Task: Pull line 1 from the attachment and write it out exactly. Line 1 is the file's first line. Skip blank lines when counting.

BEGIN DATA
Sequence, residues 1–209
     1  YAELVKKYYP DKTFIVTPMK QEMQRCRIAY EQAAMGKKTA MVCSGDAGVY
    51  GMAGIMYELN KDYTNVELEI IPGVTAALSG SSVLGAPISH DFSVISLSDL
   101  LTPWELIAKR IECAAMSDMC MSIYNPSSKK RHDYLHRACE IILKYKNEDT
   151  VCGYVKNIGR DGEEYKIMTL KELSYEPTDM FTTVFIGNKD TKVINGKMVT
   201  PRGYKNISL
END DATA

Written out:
Sequence, residues 1–209